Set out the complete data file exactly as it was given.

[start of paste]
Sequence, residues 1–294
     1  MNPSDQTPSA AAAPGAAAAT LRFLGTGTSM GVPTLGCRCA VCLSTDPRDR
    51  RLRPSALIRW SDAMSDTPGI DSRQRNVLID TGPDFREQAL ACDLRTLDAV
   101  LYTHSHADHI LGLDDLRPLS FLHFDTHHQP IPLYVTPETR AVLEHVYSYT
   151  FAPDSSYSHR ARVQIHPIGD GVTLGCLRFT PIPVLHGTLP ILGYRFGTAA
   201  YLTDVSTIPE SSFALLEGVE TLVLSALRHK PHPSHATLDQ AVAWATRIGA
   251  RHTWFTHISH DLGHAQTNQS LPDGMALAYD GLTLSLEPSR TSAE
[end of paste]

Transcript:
Sequence, residues 1–294
     1  MNPSDQTPSA AAAPGAAAAT LRFLGTGTSM GVPTLGCRCA VCLSTDPRDR
    51  RLRPSALIRW SDAMSDTPGI DSRQRNVLID TGPDFREQAL ACDLRTLDAV
   101  LYTHSHADHI LGLDDLRPLS FLHFDTHHQP IPLYVTPETR AVLEHVYSYT
   151  FAPDSSYSHR ARVQIHPIGD GVTLGCLRFT PIPVLHGTLP ILGYRFGTAA
   201  YLTDVSTIPE SSFALLEGVE TLVLSALRHK PHPSHATLDQ AVAWATRIGA
   251  RHTWFTHISH DLGHAQTNQS LPDGMALAYD GLTLSLEPSR TSAE